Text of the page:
Cham Ware Slip Bowl Covered with Ash Glaze | Vietnam, 16-17C


A bowl covered with an ash glaze baked in the Kingdom of Champa (192–1832) in central Vietnam. The ash glaze accumulated on the grooves of turning tool mark, which depicted the vague ring lines on the surface of the vessel.

The Nagaracampa, a city-state mainly composed of the Cham people who belives Hinduism and Islam. Unlike northern states Vietnam, which was culturally influenced by China, there are still remains in central to south of Vietnam which are influenced by India.

In Japan, the name of Champa appears in old documents as the Champa-gire (Champa cloths) attached to the tea utensils in Seto. It is uncertain whether it was really made in Champa, but there is no doubt that it was brought to Japan by trading with Champa, which has prospered in the maritime trade since ancient times.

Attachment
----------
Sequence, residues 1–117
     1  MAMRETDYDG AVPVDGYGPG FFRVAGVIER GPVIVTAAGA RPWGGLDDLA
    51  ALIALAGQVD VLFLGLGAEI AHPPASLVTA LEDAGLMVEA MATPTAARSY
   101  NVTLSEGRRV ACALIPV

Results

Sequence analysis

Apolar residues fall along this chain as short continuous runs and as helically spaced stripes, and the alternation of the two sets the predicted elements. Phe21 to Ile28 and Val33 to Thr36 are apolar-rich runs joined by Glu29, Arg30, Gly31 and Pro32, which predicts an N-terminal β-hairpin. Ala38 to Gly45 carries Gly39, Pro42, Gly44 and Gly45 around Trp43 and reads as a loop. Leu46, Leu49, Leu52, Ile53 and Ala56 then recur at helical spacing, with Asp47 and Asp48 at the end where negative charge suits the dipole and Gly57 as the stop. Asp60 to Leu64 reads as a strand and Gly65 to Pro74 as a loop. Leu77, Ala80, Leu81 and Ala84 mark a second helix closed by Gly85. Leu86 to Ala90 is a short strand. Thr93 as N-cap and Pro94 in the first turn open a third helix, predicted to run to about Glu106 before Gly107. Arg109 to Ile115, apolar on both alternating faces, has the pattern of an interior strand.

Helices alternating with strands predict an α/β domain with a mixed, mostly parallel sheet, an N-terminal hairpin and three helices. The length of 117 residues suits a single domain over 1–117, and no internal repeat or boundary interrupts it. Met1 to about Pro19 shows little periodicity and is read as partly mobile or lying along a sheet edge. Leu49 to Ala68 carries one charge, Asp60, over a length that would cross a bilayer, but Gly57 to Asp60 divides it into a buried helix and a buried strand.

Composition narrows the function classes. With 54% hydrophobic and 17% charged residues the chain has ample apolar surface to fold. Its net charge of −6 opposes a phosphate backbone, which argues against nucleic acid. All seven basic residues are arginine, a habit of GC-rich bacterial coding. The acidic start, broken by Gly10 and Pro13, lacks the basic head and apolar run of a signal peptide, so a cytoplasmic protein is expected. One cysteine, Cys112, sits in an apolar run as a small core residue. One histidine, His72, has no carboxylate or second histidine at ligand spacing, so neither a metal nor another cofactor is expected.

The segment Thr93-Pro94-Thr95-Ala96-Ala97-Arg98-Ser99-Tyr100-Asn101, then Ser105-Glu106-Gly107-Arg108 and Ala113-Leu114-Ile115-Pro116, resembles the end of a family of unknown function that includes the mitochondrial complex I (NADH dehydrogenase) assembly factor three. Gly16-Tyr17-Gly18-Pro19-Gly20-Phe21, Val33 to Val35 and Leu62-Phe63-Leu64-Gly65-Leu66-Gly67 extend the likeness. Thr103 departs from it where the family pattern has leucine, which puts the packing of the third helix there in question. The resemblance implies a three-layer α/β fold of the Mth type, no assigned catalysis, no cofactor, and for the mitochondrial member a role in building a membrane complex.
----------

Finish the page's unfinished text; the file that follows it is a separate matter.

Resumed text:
The solid bamboo joint-like foot and the high fired fine textured clay represent the perennial strength in contrast to the glaze flaking.
There is some glaze flaking on the surface including the rim, but there are no chips or hairlines, and a figure of firing at the time still remains.

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